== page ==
Road Defects and Bicycle Accidents
As a bicyclist, you have to be cognizant of many types of road hazards including the actions of other motorists. Another hazard to be wary of and to avoid are road defects. These can be open and obvious or hidden and pose real hazards to you.
A road defect is a foreseeable hazard that was created either by a responsible party or developed over time and was not eliminated.
Examples of road defects include:
- Uneven pavement
- Cracks and fissures in pavement
- Missing signs
- Signs obscured by graffiti or vegetation
- Improper or confusing signage
- Absence of retaining walls or guard rails
- Speed limits set too high
- Poor drainage
- Unmarked construction
- Improperly placed sewer grates
Potholes are created when water under the road surface freezes and then thaws, weakening the pavement or asphalt. Temporary road fixes can create them as well when road repairs cause the surface area to shift or crack.
Sloppy or incomplete road repair can create ridges in the roadway. In urban areas, a sewer or storm drain whose bars go in the same direction of traffic can cause a bike’s tires to get stuck. They should be horizontal to traffic or covered with safety bars to specifically prevent this from happening.
Liability for a road defect falls usually falls upon the municipality, county or state responsible for constructing the road, designing it, for signage and placement and in maintaining it. Private contractors are sometimes delegated this task and may also be responsible for creating a hazard that leads to an injury.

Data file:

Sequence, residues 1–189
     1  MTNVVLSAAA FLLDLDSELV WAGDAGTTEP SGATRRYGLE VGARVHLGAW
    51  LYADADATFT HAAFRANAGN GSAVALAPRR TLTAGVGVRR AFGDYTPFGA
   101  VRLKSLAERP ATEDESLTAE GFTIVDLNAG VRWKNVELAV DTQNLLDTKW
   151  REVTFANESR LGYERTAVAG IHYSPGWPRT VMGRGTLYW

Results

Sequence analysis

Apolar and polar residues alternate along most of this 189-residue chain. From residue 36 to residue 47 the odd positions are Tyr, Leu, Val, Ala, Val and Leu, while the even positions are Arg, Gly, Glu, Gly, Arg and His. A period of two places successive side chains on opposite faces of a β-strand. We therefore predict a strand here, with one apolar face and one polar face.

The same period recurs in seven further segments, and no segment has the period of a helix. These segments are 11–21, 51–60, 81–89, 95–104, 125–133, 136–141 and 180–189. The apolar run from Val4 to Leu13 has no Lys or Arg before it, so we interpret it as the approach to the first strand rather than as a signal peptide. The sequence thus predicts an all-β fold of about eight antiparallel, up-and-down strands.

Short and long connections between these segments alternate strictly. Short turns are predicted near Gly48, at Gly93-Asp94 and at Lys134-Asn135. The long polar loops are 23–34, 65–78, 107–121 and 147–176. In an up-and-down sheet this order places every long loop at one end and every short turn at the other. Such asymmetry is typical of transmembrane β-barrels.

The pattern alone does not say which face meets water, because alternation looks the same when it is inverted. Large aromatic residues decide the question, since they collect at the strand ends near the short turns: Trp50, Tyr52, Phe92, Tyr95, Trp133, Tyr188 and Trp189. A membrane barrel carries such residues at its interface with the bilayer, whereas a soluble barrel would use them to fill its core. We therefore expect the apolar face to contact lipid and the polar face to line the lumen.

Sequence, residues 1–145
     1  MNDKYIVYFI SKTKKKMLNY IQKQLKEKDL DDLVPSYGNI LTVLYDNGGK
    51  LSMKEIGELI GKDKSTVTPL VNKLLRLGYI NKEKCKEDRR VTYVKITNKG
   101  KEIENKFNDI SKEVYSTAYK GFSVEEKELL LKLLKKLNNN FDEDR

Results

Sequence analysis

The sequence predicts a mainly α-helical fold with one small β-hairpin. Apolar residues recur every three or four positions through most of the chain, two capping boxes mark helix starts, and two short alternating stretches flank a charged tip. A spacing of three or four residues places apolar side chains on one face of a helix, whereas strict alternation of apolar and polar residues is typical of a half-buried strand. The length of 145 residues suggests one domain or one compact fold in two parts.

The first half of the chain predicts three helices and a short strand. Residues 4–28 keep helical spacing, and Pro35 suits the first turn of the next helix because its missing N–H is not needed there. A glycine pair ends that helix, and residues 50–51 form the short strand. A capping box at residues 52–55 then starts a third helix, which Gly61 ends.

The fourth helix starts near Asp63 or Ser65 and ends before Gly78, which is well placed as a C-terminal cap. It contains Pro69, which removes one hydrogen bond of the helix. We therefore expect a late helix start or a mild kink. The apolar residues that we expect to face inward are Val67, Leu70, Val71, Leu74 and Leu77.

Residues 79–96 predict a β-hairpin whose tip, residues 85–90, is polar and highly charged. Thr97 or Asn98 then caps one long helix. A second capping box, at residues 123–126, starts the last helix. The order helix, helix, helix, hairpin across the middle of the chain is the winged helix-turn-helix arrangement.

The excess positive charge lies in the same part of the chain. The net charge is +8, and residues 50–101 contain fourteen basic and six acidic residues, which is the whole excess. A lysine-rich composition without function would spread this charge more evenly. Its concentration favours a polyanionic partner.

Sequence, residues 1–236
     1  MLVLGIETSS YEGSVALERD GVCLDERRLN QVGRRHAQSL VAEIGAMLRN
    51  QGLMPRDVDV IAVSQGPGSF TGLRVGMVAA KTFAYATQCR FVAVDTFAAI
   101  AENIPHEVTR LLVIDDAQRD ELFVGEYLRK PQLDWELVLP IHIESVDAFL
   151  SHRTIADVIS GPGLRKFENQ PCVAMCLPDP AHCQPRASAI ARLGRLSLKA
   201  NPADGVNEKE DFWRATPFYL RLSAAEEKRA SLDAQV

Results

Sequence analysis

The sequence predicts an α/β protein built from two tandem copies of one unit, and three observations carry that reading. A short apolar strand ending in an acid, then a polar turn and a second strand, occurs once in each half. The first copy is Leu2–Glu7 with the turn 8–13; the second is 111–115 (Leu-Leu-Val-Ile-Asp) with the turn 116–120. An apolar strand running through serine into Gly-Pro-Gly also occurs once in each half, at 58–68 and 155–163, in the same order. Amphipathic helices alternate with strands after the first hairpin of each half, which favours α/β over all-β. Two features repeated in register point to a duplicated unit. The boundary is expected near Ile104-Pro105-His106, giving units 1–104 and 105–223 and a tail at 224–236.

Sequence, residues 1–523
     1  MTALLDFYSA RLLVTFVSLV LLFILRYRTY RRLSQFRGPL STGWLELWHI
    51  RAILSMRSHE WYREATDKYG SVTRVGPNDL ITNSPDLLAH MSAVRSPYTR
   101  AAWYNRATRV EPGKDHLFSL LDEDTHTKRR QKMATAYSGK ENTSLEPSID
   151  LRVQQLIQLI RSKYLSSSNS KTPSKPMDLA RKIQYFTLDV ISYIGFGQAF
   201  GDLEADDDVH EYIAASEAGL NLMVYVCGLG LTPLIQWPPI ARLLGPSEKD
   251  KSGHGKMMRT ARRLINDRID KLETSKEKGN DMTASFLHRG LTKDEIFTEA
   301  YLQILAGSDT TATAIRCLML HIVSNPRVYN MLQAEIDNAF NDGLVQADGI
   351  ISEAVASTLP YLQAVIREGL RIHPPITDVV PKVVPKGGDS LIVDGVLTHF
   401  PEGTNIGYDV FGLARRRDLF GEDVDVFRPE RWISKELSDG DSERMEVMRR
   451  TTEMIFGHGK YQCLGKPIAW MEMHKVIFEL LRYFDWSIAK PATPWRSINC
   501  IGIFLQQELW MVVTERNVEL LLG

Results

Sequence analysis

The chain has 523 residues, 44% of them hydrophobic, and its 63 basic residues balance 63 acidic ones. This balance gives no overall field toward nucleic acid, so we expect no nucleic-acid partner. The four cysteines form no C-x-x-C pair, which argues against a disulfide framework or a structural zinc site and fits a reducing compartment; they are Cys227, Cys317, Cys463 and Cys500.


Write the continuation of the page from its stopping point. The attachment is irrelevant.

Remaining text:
Generally, the liable party in these cases had to have notice of the hazard, either directly or by constructive notice whereby the party should have been aware of the hazard because it has existed long enough. If the hazard was from improper signage or speed limits, the high incidence of accidents should have alerted the authority that a study of the problem was needed to arrive at a solution.
If a government entity was involved, then you need to follow the proper steps in filing a claim. Most states have a tort claims statute that you must follow in filing a claim. It generally requires written notice to proper agency or department responsible for the negligent conduct that led to the accident and which must be filed within a certain time period. The entity will consider the claim for a certain time, and either accept your claim, reject it or not respond. If rejected, you can file in court or if no response is given, file after a certain time has passed.
If the party is a private contractor, you can either notify the company of your claim for injuries and attempt to deal with it or its insurer, or file directly in court so long you do so within the statute of limitation in that jurisdiction.